Farmers feed cities. And there are a lot of cities. With a lot of people. So, the name of the game in agriculture has become how to grow more, and how to do it fast.
Techniques and tools have been adopted to accomplish this, including fertilizers, pesticides, and fungicides. But could this constant growing with an array of products be harming the soil and thus the produce?
The answer is yes. Very much so.
The history of soil depletion
Soil contains minerals, nutrients, bacteria, and fungi that all contribute to the ecosystem. These nutrients are vital for plant growth – just as vitamins and nutrients are essential for humans – and the bacteria and fungi can either assist in the plant’s health or inhibit it.
There is evidence that the issue of soil depletion has existed since the First Agricultural Revolution (circa 10,000 BC). Farmers were always aware that overusing land would yield lower crops. So, they would simply move onto another field and allow the soil in the previous field to replenish naturally. However, by the mid-1800s, this method was unsustainable.
In Europe and North America, population growth and urbanization led to the need for more food, which meant more farming. In the decades between 1830 and 1870, this became a pressing issue. Farmers didn’t have the time or space to move from one field to another. They had to find a way to grow more food, faster. And they did. [1-2]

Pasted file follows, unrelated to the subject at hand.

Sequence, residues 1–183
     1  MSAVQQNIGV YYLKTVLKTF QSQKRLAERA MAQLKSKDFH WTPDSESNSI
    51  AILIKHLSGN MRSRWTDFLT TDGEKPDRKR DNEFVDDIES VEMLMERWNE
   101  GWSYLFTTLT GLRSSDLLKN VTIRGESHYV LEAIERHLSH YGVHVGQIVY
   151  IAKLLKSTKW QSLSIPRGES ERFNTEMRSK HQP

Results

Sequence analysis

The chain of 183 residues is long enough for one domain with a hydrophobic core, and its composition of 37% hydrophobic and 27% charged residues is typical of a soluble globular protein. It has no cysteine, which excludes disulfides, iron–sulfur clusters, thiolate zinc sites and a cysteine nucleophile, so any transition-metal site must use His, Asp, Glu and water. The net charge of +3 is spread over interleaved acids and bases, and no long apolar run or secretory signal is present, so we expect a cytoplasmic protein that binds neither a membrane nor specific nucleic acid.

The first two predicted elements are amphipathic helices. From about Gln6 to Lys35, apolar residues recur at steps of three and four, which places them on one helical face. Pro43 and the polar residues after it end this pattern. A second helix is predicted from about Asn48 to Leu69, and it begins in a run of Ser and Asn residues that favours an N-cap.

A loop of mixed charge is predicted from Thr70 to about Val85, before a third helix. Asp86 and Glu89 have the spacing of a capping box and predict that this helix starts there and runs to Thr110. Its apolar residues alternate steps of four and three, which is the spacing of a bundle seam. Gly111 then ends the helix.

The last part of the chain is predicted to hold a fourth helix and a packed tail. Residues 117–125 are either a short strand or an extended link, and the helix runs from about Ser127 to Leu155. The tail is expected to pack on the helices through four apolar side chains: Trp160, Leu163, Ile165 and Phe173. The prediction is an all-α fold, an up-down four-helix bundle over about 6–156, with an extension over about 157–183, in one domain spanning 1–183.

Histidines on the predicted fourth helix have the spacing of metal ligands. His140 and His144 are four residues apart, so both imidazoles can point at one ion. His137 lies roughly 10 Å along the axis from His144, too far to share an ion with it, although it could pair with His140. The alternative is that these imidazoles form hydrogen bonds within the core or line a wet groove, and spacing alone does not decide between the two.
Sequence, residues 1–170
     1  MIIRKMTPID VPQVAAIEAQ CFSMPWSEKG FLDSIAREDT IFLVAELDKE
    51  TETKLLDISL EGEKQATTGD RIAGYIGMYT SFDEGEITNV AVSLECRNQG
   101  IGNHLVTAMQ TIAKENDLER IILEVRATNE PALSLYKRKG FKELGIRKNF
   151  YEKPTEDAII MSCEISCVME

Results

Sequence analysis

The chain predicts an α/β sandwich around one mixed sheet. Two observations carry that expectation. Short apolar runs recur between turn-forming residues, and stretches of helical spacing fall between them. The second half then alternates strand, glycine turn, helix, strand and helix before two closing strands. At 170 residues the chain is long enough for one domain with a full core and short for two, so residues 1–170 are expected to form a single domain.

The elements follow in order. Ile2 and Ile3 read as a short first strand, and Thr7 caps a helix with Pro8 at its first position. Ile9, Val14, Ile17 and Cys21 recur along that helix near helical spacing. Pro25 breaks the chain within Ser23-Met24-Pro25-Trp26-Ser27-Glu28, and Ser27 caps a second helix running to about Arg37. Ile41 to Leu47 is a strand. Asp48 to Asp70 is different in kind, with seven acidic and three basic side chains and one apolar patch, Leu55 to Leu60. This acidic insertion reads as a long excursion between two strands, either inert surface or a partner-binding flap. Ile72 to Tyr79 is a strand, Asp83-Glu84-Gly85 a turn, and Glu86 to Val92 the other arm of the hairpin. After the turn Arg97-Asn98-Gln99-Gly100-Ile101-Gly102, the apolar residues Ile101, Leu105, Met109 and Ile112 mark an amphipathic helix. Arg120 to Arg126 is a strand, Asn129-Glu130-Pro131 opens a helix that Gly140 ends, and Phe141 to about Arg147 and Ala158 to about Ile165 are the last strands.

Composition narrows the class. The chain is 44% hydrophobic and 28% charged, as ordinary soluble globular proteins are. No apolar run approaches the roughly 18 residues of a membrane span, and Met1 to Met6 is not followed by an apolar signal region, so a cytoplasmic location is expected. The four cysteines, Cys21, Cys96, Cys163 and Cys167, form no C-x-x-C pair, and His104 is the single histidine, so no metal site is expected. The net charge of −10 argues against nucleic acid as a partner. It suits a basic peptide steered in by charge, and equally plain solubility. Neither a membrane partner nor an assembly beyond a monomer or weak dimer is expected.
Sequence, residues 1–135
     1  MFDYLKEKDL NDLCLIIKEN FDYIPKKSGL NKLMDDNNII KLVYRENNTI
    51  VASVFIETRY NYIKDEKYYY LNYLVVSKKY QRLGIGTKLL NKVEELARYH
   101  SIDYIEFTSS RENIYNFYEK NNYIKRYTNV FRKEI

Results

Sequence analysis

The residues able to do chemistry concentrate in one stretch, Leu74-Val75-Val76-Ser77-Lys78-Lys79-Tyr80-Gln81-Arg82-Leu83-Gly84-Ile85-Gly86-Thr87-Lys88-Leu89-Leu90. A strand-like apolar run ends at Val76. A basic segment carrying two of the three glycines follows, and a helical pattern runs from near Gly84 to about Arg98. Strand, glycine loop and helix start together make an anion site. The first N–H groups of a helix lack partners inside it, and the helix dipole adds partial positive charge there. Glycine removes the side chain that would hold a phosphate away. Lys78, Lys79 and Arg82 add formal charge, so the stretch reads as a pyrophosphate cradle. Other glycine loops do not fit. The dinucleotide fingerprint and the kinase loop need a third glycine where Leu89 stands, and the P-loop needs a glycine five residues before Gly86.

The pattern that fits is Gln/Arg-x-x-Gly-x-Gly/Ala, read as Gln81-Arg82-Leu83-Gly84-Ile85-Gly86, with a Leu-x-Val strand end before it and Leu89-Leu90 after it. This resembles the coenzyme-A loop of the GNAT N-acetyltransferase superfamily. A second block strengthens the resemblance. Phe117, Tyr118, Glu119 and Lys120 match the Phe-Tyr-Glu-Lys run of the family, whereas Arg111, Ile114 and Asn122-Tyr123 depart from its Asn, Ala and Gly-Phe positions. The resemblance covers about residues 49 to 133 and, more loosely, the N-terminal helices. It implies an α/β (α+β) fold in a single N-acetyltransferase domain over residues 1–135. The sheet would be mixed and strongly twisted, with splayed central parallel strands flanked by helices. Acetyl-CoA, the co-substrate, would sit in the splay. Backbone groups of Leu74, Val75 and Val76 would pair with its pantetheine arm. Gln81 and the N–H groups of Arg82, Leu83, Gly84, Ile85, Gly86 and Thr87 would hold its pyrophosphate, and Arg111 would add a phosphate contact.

The birth of intensive farming
Following the use – and near extinction of – natural fertilizers, like guano, fertilizer development continued until nitrogen, phosphate, and potassium manufacturing began. However, today our population is booming, and the demand for food is great. This leaves most farmers using a method referred to as intensive farming. This is the employment of modern machinery, fertilizers, and other products, along with various techniques to yield as many crops as possible, with as little labor or cost as possible. 
But it’s a temporary solution to an ongoing problem…
The issue, however, comes back to soil depletion. The use of fertilizer was great at first. But it’s a temporary solution to a problem humanity will be facing for as long as we want to be eating.
See, when fertilizer is sprayed onto the soil, it leaks into the groundwater or nearby waterways. The nutrients then stimulate the growth of microorganisms, pulling oxygen from the water, killing, and inhibiting aquatic life. This leads to a chain reaction of ecosystem disruption.
Like the bacteria in your gut, some bacteria and fungi in the soil are good, and some of them are bad. However, when a fungicide is sprayed to kill the bad fungi, it also kills the good fungi, removing an important element in the soil that leads to plant growth.
The constant disruption of the soil, added substances, the mixing with machinery, and so on, eventually leads to soil exhaustion. This results in poor crop yields, or even the inability for anything to grow properly, including a cover crop.